Magnetic North Shift, Shift In Poles Means Magnetic North Now East Of Grid North For First Time In 220 Years
Magnetic north has moved from west of Grid North to the east for the first time in 200 years, causing a massive reworking of the Ordnance Survey’s maps.
While it’s usually thought to be an eternal ‘constant’, Earth’s poles are constantly shifting. Magnetic north actually points in different directions in different places due to variances in magnetic force, and map makers (or rather, map users) have to consistently adjust their work to account for the difference.
But there are some constants – even putting aside ‘True North’ (which is the direction to the geographic North Pole). For while its position has changed, Magnetic North has been west of Grid North by a few degrees for more than two centuries. In fact, it’s been true ever since the Ordnance Survey was founded in 1791.
But now Ordnance Survey has announced that these poles? They are a changin’.
“The change is slowly crossing the country, but for now can only be appreciated in our Custom Made maps with a centre to the West of Penzance,” it said in a blog post.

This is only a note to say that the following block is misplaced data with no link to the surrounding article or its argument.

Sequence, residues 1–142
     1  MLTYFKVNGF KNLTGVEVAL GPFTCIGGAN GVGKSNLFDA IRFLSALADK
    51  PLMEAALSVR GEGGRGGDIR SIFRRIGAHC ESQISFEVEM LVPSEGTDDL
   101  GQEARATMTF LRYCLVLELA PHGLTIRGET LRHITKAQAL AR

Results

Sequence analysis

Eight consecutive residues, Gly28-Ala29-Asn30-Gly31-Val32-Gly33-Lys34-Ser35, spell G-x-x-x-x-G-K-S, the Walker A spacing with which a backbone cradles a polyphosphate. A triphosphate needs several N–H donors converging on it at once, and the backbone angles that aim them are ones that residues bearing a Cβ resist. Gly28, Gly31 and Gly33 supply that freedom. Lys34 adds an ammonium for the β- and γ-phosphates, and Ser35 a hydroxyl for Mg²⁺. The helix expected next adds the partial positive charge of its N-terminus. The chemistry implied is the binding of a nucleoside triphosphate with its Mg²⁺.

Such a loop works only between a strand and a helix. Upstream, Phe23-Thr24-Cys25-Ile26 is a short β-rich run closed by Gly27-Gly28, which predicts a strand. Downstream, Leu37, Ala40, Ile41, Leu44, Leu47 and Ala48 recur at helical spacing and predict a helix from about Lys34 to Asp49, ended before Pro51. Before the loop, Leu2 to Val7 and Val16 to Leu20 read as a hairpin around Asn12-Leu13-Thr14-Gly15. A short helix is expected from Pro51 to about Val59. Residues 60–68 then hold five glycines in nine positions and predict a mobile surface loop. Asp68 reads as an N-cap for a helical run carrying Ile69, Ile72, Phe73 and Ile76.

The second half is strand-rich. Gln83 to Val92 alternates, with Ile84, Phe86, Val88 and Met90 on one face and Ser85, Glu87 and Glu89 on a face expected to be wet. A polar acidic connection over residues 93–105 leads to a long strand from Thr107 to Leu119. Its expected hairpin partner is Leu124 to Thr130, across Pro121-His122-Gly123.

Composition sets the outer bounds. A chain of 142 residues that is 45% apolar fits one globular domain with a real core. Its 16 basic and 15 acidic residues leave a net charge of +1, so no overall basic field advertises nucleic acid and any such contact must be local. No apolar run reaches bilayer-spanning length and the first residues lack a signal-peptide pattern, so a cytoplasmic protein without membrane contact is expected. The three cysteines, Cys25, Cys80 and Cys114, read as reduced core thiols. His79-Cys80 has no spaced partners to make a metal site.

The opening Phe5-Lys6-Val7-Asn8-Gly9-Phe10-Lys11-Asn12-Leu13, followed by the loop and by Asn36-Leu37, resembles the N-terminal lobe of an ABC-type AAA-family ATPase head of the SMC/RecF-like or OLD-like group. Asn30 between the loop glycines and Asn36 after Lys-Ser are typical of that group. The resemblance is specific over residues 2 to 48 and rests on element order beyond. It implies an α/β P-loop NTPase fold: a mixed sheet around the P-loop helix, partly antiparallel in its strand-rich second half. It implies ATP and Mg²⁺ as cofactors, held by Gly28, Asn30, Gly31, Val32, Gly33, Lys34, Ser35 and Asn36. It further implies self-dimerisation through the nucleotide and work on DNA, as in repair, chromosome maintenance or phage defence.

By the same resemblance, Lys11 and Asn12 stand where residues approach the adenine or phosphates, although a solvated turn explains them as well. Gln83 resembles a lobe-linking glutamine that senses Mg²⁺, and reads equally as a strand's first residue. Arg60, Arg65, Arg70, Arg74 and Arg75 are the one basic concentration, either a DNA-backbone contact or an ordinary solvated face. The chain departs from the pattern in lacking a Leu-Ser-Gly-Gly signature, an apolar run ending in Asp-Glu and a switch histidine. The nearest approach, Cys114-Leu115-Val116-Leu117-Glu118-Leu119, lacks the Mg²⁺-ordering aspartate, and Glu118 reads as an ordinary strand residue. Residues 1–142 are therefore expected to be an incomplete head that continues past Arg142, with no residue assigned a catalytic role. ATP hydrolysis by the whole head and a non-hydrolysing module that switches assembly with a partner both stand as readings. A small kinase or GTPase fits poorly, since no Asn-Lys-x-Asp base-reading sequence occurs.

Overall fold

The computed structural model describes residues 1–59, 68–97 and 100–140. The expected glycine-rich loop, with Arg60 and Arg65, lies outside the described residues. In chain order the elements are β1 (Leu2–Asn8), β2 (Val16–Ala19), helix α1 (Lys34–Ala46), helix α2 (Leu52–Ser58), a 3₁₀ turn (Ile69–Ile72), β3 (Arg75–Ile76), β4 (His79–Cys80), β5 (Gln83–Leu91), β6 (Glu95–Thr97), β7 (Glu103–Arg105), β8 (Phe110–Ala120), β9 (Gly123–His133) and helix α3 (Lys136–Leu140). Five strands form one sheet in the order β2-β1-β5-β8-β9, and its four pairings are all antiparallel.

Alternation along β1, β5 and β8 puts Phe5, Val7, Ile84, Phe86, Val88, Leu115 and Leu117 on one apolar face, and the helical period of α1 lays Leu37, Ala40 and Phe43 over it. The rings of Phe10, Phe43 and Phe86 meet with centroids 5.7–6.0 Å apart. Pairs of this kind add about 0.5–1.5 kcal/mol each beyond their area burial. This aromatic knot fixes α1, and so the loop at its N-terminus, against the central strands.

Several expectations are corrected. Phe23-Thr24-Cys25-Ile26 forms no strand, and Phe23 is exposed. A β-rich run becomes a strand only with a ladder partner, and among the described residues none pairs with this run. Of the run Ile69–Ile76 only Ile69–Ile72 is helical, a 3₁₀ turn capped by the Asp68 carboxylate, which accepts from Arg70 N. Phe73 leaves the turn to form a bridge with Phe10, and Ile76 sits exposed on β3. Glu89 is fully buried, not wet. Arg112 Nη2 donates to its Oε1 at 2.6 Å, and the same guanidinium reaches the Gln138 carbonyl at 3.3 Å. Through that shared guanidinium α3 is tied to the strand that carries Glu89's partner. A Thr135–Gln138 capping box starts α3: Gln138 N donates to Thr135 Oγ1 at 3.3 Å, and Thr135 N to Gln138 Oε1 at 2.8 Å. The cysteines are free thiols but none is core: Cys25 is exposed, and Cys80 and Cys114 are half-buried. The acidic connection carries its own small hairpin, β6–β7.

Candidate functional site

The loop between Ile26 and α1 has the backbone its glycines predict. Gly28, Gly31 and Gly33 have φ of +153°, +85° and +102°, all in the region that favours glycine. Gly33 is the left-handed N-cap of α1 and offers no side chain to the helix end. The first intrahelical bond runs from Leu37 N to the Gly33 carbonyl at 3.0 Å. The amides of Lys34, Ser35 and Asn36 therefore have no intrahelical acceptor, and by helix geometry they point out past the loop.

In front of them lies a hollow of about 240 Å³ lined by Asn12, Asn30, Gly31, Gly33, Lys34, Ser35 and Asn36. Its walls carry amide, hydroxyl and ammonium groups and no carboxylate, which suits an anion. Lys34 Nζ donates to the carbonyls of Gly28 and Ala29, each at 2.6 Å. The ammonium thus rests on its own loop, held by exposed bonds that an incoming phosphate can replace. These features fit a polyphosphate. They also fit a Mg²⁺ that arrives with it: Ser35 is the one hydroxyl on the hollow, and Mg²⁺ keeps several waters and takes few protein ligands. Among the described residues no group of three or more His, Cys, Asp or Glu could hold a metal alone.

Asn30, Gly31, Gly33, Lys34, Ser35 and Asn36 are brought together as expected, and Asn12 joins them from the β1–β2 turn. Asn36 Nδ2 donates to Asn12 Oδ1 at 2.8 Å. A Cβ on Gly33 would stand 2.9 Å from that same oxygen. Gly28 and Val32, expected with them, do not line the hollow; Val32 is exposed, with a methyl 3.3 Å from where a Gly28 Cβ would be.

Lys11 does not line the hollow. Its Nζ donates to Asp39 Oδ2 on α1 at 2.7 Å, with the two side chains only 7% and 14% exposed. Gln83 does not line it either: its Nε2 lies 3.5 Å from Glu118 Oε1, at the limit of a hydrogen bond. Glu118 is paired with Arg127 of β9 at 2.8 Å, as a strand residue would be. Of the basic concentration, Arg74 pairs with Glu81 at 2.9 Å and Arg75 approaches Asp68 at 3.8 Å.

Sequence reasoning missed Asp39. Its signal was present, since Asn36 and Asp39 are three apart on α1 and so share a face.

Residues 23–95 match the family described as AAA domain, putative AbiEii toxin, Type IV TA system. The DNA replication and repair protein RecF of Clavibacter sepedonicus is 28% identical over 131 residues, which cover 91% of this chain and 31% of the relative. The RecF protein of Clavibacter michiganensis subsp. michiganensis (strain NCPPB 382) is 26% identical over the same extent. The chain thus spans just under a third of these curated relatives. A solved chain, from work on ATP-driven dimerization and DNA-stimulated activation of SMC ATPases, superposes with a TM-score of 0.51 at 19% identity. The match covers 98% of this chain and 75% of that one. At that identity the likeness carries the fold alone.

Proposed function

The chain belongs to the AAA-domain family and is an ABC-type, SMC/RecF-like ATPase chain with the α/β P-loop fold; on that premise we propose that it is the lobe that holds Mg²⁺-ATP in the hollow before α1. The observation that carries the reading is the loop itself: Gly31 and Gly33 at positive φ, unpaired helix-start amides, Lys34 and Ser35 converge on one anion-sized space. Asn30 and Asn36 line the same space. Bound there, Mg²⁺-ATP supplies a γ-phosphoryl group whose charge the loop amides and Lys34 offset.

Gradually the change will move across the UK and be reflected on most maps – unless it changes back.
On its blog the Survey reminded users how to use a compass with a map.
“Place your compass on the map. Make sure the ‘direction of travel arrow’ is pointing in the direction of your route across the map. The easiest way to line the arrow is to place the side of the base plate so it crosses your starting point and the next destination of your journey.
Carefully holding the compass base plate still, you will need to turn the compass housing so the orientating lines match up with the eastings (the vertical, north–south lines) on your map. Holding the map flat and the compass still, you need to rotate your body so that the compass needle settles in line (opposite) with the index line. To fully orientate your map you will need to make some adjustments for magnetic variation.
You can properly orientate the map by carefully turning the compass housing 4º clockwise (for example, depending on where you are in Great Britain and by checking on your map legend) and then turning your body again to realign the magnetic needle with the index line. Your map is now oriented to the north.”